Ranking The Coen Brothers' Filmography

The Buddhist Therapist
11 min readApr 4, 2022

A little something different for this post… After watching The Tragedy of Macbeth, I decided to watch the Coen Brothers’ entire filmography in chronological order a few months back. I had seen many of them but had missed a decent amount too. And it gave me a chance to watch some classics I hadn’t seen in years. So without further ado, here is my very, very subjective ranking of the films of Joel and Ethan Coen.

19) The Ladykillers

The only Coen Brothers’ movie that I thought was just plain bad. Nothing quite worked for me from the dated, stereotypical portrayal of a churchgoing, Black southern lady, the over-the-top performances, especially Marlon Wayans, or the humor, which was often childish and scatological. I’m all for a good fart joke, but using IBS over and over as a joke wasn’t funny. What did work? Tom Hanks’ weird hybrid of Colonel Sanders as a thief was mostly a fun time.

18) Hudsucker Proxy

Another film that just didn’t work for me. Tim Robbins’ overly cartoonish performance just wasn’t the right tone for the movie, I thought. Besides the invention of the Hula Hoop, the Capraesque plot wasn’t particularly interesting, especially its too-on-the-nose critique of corporate capitalism. But Hudsucker had enough going for it to make it at least watchable, including a fabulous set design of Art Deco New York, and Jennifer Jason Leigh’s Katherine Hepburn impression of a dame with a heart of gold.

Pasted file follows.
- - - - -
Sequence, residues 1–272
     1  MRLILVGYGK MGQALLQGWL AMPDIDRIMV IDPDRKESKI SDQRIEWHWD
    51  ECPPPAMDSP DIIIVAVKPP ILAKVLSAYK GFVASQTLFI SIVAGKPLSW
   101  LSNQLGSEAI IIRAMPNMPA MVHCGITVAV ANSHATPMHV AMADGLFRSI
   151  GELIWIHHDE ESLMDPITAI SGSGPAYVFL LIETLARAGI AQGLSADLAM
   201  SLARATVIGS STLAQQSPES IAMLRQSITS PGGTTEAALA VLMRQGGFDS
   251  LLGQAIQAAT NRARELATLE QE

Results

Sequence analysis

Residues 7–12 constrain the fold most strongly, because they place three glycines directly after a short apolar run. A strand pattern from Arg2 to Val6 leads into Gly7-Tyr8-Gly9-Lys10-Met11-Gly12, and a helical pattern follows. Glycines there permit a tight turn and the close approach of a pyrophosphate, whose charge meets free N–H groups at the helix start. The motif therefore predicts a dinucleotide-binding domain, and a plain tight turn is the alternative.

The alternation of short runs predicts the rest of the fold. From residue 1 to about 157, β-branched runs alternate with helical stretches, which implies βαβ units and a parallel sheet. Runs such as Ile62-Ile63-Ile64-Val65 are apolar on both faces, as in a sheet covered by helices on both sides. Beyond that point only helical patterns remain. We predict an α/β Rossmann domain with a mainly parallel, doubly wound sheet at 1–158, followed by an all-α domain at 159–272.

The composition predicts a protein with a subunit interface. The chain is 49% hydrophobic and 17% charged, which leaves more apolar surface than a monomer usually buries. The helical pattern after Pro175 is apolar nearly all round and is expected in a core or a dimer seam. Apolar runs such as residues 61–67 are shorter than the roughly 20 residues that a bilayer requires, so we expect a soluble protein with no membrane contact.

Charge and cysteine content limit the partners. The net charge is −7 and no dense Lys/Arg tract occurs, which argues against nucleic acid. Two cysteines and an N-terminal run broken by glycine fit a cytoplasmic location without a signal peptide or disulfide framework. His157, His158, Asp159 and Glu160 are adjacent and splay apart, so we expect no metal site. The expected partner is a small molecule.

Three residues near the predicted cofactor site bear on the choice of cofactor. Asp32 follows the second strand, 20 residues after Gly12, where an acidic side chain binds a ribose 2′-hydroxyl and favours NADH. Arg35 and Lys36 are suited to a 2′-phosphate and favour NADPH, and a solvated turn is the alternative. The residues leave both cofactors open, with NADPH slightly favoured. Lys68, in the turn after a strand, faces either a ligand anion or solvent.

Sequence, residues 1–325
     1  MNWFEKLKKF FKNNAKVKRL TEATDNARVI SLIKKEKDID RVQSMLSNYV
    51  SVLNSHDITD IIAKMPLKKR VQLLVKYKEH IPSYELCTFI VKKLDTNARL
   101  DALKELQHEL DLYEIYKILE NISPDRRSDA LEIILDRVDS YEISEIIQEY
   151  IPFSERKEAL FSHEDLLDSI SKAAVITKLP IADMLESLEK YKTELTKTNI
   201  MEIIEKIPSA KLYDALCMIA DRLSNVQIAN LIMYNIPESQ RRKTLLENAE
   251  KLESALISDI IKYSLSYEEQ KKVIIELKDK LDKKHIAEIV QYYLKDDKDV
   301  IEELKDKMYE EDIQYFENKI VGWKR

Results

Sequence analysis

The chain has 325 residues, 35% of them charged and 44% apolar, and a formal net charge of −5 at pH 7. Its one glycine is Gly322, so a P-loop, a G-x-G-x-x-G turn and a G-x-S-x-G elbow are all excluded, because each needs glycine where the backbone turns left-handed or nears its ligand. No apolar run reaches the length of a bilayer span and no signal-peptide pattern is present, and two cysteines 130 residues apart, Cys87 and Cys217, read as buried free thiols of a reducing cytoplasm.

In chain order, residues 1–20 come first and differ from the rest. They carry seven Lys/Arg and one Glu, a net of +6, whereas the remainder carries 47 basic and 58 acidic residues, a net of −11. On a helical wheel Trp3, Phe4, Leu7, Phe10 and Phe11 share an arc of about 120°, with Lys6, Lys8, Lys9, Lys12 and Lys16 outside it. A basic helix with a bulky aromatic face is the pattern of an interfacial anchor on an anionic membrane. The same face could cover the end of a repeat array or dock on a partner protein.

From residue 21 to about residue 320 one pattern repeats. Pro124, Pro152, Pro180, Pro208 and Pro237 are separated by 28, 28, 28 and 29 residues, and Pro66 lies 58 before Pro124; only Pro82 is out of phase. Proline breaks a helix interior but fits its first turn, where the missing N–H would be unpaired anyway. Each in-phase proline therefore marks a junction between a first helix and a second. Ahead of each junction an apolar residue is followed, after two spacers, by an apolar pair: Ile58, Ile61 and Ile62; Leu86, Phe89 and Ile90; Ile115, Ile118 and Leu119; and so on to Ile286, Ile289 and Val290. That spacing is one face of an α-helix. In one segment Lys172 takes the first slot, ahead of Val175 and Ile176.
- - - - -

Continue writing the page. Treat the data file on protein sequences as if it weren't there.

17) Barton Fink

I had never seen Barton Fink, but it had a sterling reputation, including winning 3 awards at the Cannes Film Festival. I by no means disliked this movie. It had much going for it, including John Turturro’s performance as the titular character, and John Goodman as Charlie was charming as ever. But it lost me in the second half of the movie. I’ve read that the murder and fiery hellscape in the hotel could be read as a critique of liberalism being ineffectual against the rising of fascism, which I can get behind. But the metaphor was just a bit opaque for me.

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The Buddhist Therapist

The relationship between mental health, spirituality and politics told from the point of view of a working psychotherapist.